IRRADIATING MAIL TO CONGRESS MAY BE MAKING WORKERS ILL 



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Last Updated

09 Jan 2003

Source: New York Times, July 2, 2002.

Irradiating Mail to Congress May Be Making Workers Ill

By CARL HULSE

WASHINGTON, July 1 -- The process used to sterilize Congressional mail after the anthrax attacks last fall could itself be making Capitol Hill workers sick, a report to be issued on Tuesday says.

The Office of Compliance, which is responsible for Congressional workplace safety, said its inquiry into more than 200 complaints "concluded that handling irradiated mail for substantial periods" might cause or contribute to health problems reported by Congressional employees.

The findings are the first to suggest that irradiation could be harmful. The report called for monitoring workers, further studies on long-term exposure to irradiated mail and some protective steps, including airing the mail before delivering it.

An earlier review for Congressional administrative officials found no evidence that handling irradiated mail affected health. The Postal Service has also said that testing showed the mail is not harmful.

Kristin Krathwohl, a spokeswoman for the Postal Service, said the agency would "certainly read the report of the general counsel of the Office of Compliance with great care." The Postal Service, Ms. Krathwohl added, was guided by assurances from the Centers for Disease Control and Prevention and the National Institutes of Occupational Safety and Health that irradiation was safe. "We rely on them," she said.

Senator Charles E. Grassley, Republican of Iowa, who sought the investigation in February, said the report suggested that the earlier Congressional inquiry "may have been too quick to conclude irradiated mail was harmless, and they may not have taken employees' health concerns seriously enough."

"Irradiating the mail," Mr. Grassley added, "was and is a big experiment."

Hundreds of thousands of pieces of mail to Congress and federal agencies in Washington are sent each day to a radiation center in New Jersey for treatment before being distributed. Wider use of irradiation has been considered. The process, more often used on food and medical equipment, exposes mail to an electron beam that renders any anthrax harmless.

The irradiation of Washington mail began last November after letters containing anthrax spores were sent to Capitol Hill, causing the Hart Senate Office Building to be closed for months. Anthrax-laced mail in Washington and elsewhere killed five people. The Postal Service resumed delivering mail to Congressional offices in January.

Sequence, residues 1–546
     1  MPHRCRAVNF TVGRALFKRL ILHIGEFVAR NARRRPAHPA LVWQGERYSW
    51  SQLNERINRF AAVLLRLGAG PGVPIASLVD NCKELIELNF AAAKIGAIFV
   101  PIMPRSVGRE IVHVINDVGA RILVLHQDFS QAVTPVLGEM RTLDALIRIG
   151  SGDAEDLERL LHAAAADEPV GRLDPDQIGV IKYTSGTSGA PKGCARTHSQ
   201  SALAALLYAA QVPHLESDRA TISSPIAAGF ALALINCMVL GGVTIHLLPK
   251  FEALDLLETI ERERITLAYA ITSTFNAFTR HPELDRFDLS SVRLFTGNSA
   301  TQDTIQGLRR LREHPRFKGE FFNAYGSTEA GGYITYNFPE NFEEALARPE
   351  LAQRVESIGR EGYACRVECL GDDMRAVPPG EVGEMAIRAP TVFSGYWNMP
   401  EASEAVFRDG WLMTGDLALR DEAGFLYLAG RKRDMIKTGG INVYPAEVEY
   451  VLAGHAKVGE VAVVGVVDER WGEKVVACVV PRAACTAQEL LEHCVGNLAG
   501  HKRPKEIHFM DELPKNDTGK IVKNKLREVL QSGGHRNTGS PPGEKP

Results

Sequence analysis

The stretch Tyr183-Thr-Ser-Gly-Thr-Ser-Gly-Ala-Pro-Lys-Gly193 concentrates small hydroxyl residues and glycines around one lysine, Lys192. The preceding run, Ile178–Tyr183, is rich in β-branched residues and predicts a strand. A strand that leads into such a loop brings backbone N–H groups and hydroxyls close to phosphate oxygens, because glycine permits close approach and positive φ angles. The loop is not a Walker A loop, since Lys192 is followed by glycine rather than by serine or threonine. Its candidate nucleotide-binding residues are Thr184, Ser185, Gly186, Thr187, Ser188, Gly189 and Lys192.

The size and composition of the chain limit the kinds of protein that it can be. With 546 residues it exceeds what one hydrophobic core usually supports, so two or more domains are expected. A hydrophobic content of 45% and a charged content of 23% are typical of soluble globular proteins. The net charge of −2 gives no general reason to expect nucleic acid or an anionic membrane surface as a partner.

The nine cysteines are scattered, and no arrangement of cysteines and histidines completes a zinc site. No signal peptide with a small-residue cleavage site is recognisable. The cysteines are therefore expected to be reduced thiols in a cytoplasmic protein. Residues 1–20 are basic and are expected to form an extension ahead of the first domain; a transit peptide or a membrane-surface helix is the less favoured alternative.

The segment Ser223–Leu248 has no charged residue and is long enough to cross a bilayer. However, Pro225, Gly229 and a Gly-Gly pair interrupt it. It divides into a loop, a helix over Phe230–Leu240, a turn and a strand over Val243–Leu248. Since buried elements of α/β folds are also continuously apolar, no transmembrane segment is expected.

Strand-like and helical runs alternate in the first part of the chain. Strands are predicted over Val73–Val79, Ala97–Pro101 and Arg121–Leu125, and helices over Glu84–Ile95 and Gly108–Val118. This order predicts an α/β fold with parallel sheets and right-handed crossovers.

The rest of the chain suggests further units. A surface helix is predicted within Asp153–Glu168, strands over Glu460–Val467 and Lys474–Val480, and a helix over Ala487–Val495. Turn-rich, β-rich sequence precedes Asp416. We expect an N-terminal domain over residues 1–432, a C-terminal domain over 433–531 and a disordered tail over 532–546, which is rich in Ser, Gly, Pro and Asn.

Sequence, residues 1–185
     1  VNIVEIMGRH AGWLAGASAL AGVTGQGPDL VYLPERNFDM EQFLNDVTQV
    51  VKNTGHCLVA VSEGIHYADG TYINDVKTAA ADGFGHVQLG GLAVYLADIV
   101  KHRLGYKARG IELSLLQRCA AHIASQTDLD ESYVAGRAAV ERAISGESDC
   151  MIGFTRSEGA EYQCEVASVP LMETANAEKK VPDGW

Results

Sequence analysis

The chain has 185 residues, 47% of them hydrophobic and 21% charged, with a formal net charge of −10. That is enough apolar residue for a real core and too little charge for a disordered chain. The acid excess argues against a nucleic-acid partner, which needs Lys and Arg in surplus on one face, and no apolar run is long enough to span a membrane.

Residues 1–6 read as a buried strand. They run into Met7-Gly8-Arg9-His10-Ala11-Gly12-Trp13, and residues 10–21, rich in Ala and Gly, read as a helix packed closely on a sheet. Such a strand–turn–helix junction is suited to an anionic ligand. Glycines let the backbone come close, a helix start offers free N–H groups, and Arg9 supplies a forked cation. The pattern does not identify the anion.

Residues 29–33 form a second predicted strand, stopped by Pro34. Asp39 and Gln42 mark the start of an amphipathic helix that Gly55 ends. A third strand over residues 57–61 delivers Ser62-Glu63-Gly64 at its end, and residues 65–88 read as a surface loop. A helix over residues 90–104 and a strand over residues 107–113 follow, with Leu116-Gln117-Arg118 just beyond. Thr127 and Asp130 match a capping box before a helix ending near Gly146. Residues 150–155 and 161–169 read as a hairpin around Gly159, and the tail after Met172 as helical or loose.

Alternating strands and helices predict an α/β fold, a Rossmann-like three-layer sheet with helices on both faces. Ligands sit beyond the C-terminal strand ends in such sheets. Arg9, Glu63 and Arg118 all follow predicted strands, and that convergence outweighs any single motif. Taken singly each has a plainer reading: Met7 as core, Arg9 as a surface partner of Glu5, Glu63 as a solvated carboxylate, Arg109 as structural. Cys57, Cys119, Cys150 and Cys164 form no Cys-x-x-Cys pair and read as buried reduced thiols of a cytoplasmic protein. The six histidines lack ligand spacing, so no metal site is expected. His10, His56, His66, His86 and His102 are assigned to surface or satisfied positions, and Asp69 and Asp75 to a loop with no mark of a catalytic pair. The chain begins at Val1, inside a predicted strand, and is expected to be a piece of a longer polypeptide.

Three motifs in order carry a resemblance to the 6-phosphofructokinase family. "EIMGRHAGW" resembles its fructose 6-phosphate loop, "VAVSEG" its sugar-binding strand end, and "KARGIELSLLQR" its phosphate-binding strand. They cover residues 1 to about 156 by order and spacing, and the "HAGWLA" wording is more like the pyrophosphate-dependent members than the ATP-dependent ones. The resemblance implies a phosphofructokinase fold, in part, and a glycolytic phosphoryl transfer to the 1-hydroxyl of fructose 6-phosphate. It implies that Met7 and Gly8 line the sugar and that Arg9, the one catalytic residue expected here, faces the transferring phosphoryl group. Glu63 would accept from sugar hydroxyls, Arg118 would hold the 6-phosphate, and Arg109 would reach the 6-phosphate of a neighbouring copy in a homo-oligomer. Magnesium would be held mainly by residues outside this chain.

Dozens of House and Senate employees soon complained of ailments that included headaches, nausea, bloody noses, rashes and other irritations. Postal workers also reported problems. The compliance office said that in May it resurveyed Congressional employees who had filed health complaints and found that 55 percent of those contacted continued to report problems, though they were often milder.

"The continued symptoms in employees is the single most important reason in suggesting the need for more study," said Gary Green, general counsel of the office.

The report, Mr. Green said, was compiled with the help of two specialists in occupational medicine and two industrial hygienists. Independent environmental testing by the investigators was also critical to the findings, he said.

The report said tests of the air from irradiated mailbags and the House and Senate mail rooms detected small amounts of chemical irritants that could have been produced from the paper during irradiation.

"While we do not believe these chemical irritants are life-threatening," the report said, "we believe further study is essential to determine the effects of extended exposure to irradiated mail, particularly in restricted work areas."

Earlier this year, the Postal Service said the irradiation could produce carbon monoxide, and it began holding the mail in a ventilating area for 24 hours to let any gas dissipate. But officials said tests showed no threat to health.

The study for a Congressional task force by the National Institutes of Occupational Safety and Health attributed the staff complaints to "multiple factors" including odors that could trigger reactions and "heightened awareness and resultant employee stress from recent terrorist attacks."